Mosquitoes and Ticks

Proactive and preventative measures get the best results.

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Mosquito and Tick Control

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Mosquitoes

OVERVIEW:

One of the best known summer pests, mosquitoes breed in stagnant water or soft soil. There are about 170 different kinds of mosquito species in North America alone.

HABITS:

Mosquitoes can breed in any form of stagnant water, including ponds, marshes, flood waters, woodland pools, drainage ditches,  water in tree holes, leaves of plants and artificial containers. Mosquitoes regularly feed on nectar, although females require at least one blood meal before they can fertilize their eggs. They tend to bite most often at dusk and dawn.

THREATS:

Mosquitoes are vectors of numerous diseases including West Nile virus, malaria, yellow fever, dengue fever and encephalitis. In recent years, West Nile virus has become a serious concern in the United States. Signs of West Nile virus include flu-like symptoms. In extreme cases, it can be a potentially life threatening condition with high fever, head and body aches, worsening weakness, confusion and even coma.

PREVENTION TIPS:

  • Eliminate areas of standing water around the home such as flowerpots, birdbaths and baby pools. Mosquitoes only need about 1/2 inch of water to breed.
  • Screen all windows and doors. Repair even the smallest tear or hole.
  • Minimize outside activity between dusk and dawn, when mosquitoes are most active.
  • If you must spend time outdoors during peak mosquito times, wear long pants and sleeves, and use an insect repellent containing DEET.
  • If you need help with mosquitoes, call us right away!  (617) 332-3344
Mosquito-1

QUICK STATS

Color icon mosquitoColor:

Mostly gray, with white, silver, green or iridescent blue scales

 

Shape long iconShape:

Segmented; Broad head, slim thorax, oblong abdomen

 

Size icon-1Size:

1/4 - 3/8 inch long

 

Region iconRegion:

Found throughout the U.S.

 

American Dog Ticks

OVERVIEW:

A notorious biting insect, the American Dog Tick, or wood tick, is typically reddish-brown or orange-brown in color with gray/silver markings on their scutum (dorsal "shield"). The female will vary in size depending on whether or not it has blood fed. Unfed females are typically longer than males and distinguished by a short or small dorsal scutum right behind the mouthparts while the male scutum covers the majority of its dorsal surface.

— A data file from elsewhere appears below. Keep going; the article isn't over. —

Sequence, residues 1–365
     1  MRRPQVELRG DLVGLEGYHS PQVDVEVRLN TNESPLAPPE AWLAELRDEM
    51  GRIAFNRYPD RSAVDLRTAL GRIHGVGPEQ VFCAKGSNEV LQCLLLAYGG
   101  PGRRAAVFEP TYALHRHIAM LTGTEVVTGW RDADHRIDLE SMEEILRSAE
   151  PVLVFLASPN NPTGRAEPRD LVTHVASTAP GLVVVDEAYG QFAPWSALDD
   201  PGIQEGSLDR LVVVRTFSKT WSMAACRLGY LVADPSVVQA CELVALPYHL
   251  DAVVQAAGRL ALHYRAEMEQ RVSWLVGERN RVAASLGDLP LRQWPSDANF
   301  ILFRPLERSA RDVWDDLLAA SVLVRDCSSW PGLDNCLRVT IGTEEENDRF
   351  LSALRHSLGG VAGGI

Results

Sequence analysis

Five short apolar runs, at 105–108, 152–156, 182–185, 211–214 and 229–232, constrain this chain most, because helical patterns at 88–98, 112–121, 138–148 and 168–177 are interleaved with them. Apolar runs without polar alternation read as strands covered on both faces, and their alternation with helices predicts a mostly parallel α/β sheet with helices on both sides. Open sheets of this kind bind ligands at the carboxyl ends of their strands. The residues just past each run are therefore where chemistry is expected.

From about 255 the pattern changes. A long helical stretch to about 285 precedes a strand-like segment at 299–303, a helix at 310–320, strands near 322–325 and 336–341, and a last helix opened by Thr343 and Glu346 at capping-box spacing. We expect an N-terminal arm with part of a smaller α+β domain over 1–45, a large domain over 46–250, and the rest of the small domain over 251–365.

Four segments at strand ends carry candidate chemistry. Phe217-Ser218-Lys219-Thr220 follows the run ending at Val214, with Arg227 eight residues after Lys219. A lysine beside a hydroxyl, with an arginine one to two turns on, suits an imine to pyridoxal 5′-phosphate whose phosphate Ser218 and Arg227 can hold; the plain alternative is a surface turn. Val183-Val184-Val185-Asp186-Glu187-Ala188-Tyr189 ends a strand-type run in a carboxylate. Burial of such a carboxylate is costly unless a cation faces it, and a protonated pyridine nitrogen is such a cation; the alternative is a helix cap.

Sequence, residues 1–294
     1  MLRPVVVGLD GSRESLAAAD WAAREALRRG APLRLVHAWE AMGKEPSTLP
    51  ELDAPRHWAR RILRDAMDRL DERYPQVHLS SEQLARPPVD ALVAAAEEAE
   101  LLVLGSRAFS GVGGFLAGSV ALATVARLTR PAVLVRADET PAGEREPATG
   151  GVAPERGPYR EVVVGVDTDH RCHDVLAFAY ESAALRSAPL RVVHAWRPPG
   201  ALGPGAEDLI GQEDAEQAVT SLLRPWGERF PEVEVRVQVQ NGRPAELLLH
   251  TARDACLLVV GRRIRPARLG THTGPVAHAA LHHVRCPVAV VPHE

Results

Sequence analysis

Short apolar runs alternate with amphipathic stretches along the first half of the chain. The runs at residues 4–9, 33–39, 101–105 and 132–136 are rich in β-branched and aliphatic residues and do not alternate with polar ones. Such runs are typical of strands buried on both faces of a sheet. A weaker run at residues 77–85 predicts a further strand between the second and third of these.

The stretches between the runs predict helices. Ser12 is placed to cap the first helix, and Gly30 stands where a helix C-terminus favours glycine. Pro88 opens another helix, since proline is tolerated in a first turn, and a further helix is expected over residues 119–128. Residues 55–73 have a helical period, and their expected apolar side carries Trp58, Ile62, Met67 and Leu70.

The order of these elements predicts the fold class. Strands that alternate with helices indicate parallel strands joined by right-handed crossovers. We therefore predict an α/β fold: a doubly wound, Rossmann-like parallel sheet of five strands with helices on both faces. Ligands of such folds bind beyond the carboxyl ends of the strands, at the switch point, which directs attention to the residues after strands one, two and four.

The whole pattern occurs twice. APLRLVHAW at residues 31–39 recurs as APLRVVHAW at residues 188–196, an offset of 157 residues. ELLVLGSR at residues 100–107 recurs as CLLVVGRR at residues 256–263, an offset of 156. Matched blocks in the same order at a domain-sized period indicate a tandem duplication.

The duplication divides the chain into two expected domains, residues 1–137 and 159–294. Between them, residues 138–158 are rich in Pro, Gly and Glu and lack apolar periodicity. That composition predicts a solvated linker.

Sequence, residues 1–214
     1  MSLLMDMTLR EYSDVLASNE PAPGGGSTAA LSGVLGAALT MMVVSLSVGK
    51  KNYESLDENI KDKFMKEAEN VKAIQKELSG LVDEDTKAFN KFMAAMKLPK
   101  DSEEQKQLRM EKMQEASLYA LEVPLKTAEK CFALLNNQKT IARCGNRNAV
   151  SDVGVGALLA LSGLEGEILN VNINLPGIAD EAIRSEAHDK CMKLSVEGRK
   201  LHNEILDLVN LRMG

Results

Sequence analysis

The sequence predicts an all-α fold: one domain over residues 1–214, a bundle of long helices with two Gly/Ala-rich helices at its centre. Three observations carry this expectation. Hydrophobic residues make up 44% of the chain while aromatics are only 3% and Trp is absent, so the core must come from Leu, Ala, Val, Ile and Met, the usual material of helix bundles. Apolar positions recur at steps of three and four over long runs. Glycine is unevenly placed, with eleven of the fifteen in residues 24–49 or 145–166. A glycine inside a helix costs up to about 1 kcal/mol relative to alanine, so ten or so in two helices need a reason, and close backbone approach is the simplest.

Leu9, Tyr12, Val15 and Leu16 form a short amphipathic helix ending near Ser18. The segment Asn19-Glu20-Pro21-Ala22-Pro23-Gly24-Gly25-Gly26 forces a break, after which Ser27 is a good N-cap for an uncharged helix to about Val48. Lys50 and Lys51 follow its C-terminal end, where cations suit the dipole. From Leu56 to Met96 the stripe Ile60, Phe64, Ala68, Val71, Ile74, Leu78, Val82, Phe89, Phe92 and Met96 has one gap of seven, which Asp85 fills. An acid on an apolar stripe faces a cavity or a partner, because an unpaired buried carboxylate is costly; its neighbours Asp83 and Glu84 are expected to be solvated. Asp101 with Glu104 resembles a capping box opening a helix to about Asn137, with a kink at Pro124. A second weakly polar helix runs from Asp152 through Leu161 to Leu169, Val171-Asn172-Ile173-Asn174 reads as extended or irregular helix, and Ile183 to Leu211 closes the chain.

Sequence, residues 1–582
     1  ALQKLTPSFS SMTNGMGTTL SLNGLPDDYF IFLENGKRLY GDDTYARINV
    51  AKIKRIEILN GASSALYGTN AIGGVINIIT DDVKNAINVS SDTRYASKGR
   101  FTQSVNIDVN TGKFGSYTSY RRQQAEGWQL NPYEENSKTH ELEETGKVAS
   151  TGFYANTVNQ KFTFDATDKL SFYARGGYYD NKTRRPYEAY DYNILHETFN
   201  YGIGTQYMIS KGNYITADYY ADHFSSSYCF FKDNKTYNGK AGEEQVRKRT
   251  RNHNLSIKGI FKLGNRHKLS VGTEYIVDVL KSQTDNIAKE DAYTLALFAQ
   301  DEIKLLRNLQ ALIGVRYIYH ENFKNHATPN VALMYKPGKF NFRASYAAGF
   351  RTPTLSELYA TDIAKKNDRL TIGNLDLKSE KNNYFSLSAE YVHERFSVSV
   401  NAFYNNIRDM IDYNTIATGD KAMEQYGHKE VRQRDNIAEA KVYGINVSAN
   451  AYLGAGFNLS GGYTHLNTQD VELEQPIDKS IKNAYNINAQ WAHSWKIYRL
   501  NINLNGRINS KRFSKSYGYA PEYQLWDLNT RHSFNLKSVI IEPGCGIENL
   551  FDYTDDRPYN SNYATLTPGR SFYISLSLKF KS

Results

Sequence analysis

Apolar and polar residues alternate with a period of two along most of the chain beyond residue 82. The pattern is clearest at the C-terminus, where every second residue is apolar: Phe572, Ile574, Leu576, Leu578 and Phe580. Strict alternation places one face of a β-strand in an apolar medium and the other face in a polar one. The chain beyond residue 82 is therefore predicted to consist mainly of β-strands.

HABITS:

Ticks climb grass and shrubs to wait for a passing host. Adult ticks feed primarily on the white-tailed deer during the winter. In the spring, the female drops off the host and deposits about 3,000 eggs. Nymphs feed on mice, squirrels, raccoons, skunks, dogs, humans and birds.

THREATS:

Wood ticks are a vector of Lyme disease, anaplasmosis and babesiosis. Lyme disease is of primary concern in the United States. Symptoms include fever, headache, fatigue, and a characteristic bull's eye shaped skin rash. Lyme disease can also affect joints, the heart and the nervous system if left untreated.

PREVENTION:

  • Wear light-colored long pants, long sleeved shirts and closed toe shoes when in wooded areas or tall grasses.
  • Wear big spray containing DEET when outdoors.
  • When hiking, stay in the center of trails, away from vegetation.
  • Inspect yourself carefully for ticks after being outdoors. If you find a tick, remove it with a slow, steady pull.
  • Inspect your pets for ticks on a routine basis.
  • Consult with your doctor right away if you believe you have contracted Lyme disease.
  • If you need help with ticks in your home or on your property, give us a call. (617) 332-3344
american-dog-tick-1

QUICK STATS

Color icon bed bugColor:

Orange-brown 

 

Shape long iconShape:

Flat, broad oval

 

Size icon-1Size:

1/8 inch long

 

Region iconRegion:

Found primarily in the northeastern, mid-Atlantic, southeastern and north central regions of the U.S.